I don't believe the estimates of the partial shutdown tab

Standard  & Poor's is putting out a garbage estimate that the shutdown cost $6 billion.  I believe that is 3/100 of 1% of our $20-trillion economy.  Does anyone really think he can figure out the number accurately?  As with most things, these supposed "experts" just throw out a number, and the rest of the media repeat the numbers as if they were true with no questions asked. 

S&P, Fitch, and Moody's couldn't even figure out that junk mortgages were going to go bad, or didn't care because they were making so much money from selling their souls.

S&P reaches $1.5 billion deal with U.S., states over crisis-era ratings

The settlement comes after more than two years of litigation as S&P tried to beat back allegations that it issued overly rosy ratings in order to win more business.

S&P parent McGraw Hill Financial Inc MHFI.N said it will pay $687.5 million to the U.S. Department of Justice, and $687.5 million to 19 states and the District of Columbia, which had filed similar lawsuits over the ratings.

But we are supposed to believe they are able to figure out the cost of this temporary shutdown?

Think how many trillions the economy lost over years through a recession, slower growth, lost real estate value, almost zero interest rates, massive government deficits, and other multiplier effects because S&P and other ratings agencies inflated the ratings of junk mortgages to goose their earnings.  Then compare that to the minuscule effect of the shutdown even if the made up number of $6 billion is correct.

In summary: Don't trust people who pretend to be experts.  We, especially journalists, should question everything we are told.  Sadly, supposed journalists won't question anything if it involves Democrat talking points pushing the big government agenda.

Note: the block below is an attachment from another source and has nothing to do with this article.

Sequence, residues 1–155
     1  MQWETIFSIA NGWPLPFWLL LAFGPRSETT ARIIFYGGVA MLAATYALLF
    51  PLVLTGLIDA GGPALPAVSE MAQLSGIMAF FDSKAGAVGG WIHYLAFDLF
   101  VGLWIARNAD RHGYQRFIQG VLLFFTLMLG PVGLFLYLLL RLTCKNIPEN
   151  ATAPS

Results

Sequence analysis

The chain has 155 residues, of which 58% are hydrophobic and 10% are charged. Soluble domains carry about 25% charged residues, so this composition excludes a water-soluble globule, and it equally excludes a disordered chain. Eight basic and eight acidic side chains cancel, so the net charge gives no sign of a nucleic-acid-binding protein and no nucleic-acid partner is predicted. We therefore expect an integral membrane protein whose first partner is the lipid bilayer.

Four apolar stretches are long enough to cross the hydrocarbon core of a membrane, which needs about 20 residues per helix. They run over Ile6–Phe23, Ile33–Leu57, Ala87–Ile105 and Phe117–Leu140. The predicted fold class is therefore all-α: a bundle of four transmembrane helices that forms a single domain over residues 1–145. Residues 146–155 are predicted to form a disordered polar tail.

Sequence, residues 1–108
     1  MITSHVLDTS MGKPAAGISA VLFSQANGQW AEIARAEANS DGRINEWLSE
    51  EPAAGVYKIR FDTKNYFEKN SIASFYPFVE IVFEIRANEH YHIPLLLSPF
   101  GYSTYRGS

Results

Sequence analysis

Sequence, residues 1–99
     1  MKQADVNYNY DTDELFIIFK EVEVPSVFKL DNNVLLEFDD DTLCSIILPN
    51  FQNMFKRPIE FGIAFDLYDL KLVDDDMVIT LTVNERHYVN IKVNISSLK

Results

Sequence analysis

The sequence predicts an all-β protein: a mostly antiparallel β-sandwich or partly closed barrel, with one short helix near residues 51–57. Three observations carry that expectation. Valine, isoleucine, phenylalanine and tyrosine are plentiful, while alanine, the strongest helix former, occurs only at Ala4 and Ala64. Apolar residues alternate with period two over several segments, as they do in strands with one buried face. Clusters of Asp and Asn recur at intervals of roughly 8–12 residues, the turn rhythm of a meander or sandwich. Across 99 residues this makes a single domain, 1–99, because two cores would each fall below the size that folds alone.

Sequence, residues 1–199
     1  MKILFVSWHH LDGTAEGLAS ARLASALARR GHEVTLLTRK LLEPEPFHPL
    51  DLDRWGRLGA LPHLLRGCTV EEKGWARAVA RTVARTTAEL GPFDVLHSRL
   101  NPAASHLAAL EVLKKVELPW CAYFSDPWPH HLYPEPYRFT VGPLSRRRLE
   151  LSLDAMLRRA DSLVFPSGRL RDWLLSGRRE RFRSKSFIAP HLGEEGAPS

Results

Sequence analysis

Image credit: Pixabay.

Standard  & Poor's is putting out a garbage estimate that the shutdown cost $6 billion.  I believe that is 3/100 of 1% of our $20-trillion economy.  Does anyone really think he can figure out the number accurately?  As with most things, these supposed "experts" just throw out a number, and the rest of the media repeat the numbers as if they were true with no questions asked. 

S&P, Fitch, and Moody's couldn't even figure out that junk mortgages were going to go bad, or didn't care because they were making so much money from selling their souls.

S&P reaches $1.5 billion deal with U.S., states over crisis-era ratings

The settlement comes after more than two years of litigation as S&P tried to beat back allegations that it issued overly rosy ratings in order to win more business.

S&P parent McGraw Hill Financial Inc MHFI.N said it will pay $687.5 million to the U.S. Department of Justice, and $687.5 million to 19 states and the District of Columbia, which had filed similar lawsuits over the ratings.

But we are supposed to believe they are able to figure out the cost of this temporary shutdown?

Think how many trillions the economy lost over years through a recession, slower growth, lost real estate value, almost zero interest rates, massive government deficits, and other multiplier effects because S&P and other ratings agencies inflated the ratings of junk mortgages to goose their earnings.  Then compare that to the minuscule effect of the shutdown even if the made up number of $6 billion is correct.

In summary: Don't trust people who pretend to be experts.  We, especially journalists, should question everything we are told.  Sadly, supposed journalists won't question anything if it involves Democrat talking points pushing the big government agenda.

Image credit: Pixabay.